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The Leading Edge

First wave power turbines in U.S. to be installed in Oregon

The Northwest National Marine Renewable Energy Center (NNMREC) has announced Newport, Ore., will be the future site of the first wave and tidal energy test site in the U.S.

The test site, called the Pacific Marine Energy Center (PMEC), will utilize wave power devices 5 miles offshore to capture power and send it to the grid via subsea cables. PMEC scientists and engineers will analyze data from the devices to determine power-generating potential.

Four sets of tests will occur off the Oregon coastline using a variety of devices over a span of several years, with the goal of capturing reliable data to demonstrate generation potential and technological proficiency.

The design and permitting stages of PMEC are ongoing. NNMREC secured the first funding installment of US$4 million from the U.S. Department of Energy in September 2012, combined with a cost match from an unnamed contributor. NNMREC, which is a partnership between Oregon State University and the University of Washington, is currently seeking additional investors to finish funding the project, as well as finalizing the exact ocean site.

PMEC is seen as a valuable addition to the community, as it will draw jobseekers and demonstrate potential opportunities for tidal energy investment, NNMREC says. Of the two communities considered for the testing site, Newport best matched the criteria needed for development, including the support of the fishing community, level of impact on ocean users, permitting and regulatory issues, cable routes, and site characteristics.

DOE encourages tidal power research with new facility

A new tidal power research facility that will be run by the U.S. Department of Energy is scheduled to open in 2015. The Reference Facility for Offshore Renewable Energy, located at the Chesapeake Light Tower near Virginia Beach, Va., will be a research hub to test new technologies for offshore wave and tidal power development.

Primarily, the research performed at the facility will test if remote sensing technologies are providing accurate, reliable data on the power-generating potential of ocean waves, as well as seek methods to improve the technology if required. Inaccurate data is believed to be a deterrent to potential wave and tidal energy investors.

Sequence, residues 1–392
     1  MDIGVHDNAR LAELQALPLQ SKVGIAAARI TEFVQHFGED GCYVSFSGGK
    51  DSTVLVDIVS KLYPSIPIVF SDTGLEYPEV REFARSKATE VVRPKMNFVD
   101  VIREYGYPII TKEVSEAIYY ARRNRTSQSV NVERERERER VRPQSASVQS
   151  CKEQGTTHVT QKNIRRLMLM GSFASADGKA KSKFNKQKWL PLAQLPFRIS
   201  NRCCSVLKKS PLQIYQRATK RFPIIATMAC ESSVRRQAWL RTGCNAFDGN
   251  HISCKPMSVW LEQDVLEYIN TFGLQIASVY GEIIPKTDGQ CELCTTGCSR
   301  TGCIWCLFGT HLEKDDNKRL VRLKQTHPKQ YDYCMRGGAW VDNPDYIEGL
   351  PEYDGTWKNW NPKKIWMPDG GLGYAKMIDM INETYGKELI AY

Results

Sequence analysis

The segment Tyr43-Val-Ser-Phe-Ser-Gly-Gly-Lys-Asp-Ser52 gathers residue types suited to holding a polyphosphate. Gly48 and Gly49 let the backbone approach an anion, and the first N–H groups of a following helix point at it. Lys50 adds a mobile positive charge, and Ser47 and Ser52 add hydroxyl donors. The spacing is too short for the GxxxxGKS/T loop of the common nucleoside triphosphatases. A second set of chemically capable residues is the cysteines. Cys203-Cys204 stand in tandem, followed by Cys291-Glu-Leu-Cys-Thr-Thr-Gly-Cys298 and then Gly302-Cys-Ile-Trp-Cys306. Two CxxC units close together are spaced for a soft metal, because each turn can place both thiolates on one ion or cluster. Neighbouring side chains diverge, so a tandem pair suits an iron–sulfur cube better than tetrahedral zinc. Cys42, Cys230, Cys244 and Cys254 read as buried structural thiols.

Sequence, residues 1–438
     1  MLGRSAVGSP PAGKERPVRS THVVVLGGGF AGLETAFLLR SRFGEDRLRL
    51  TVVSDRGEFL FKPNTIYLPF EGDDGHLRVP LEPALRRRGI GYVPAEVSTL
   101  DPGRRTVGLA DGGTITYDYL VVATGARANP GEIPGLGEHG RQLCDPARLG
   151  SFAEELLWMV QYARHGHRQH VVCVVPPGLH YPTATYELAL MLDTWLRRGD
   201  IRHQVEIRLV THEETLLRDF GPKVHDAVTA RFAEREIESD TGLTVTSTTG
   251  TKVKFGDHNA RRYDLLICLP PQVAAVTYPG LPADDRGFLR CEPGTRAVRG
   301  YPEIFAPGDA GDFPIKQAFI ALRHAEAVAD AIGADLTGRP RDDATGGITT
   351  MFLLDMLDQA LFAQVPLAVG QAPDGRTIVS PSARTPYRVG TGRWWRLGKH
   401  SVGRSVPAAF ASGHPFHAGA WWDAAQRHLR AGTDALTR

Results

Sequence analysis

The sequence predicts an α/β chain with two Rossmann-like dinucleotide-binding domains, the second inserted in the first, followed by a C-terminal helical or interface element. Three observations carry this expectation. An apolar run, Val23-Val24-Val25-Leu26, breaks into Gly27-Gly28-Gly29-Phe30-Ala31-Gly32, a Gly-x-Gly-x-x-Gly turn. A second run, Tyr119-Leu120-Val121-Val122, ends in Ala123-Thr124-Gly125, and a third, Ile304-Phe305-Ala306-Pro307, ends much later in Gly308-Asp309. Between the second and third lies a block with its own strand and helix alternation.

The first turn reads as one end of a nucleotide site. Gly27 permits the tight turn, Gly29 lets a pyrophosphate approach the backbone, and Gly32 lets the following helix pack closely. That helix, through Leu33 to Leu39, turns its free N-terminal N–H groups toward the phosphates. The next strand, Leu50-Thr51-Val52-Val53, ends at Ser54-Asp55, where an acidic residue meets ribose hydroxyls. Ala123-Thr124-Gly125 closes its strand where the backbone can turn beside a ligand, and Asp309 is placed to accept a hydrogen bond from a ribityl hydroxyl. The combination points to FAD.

Although the research will heavily focus on wind power, ocean energy and environmental impacts will also be prioritized research subjects.

Researchers at the Reference Facility will come from the marine energy industry itself, the academic sector, and government agencies. The National Renewable Energy Laboratory, the government-sponsored research entity with 35 years of experience improving energy efficiency and developing renewable energy, will manage operation and maintenance of the research center, while DOE will guide the course of research through its Pacific Northwest National Laboratory.

Senator Whitehouse espouses support for ocean energy

U.S. Senator Sheldon Whitehouse joined many voices in the federal government in their support of the ocean energy industry in January at the fourth Annual Marine Renewable Energy Technical Conference in Rhode Island.

The Rhode Island junior senator was on hand to provide opening remarks for the event, which is organized by the New England Marine Renewable Energy Center (MREC).

Whitehouse stated that he would fight for industry tax credits and other legislative supports that allow "sensible and knowledgeable decisions to be made about locating marine energy resources."

Whitehouse co-chairs the Senate Oceans Caucus, which directs bipartisan efforts toward establishing a common ground when dealing with coastal energy development. The senator spoke from that perspective, noting the tremendous employment potential in clean renewables like ocean energy. He stated the belief that marine energy will be a major component of the economy in the future.

As the senator from Rhode Island, aptly titled "the Ocean State," Whitehouse espoused faith in the role of the oceans to help drive the energy sector in the state as well as along the rest of the seaboard.

New England MREC is based at the University of Massachusetts-Darmouth and combines the knowledge and expertise of academics, industry leaders, public interest groups, government agencies, municipalities and individual citizens, with the ultimate goal of developing tidal and wave energy to its full potential in southeastern New England.


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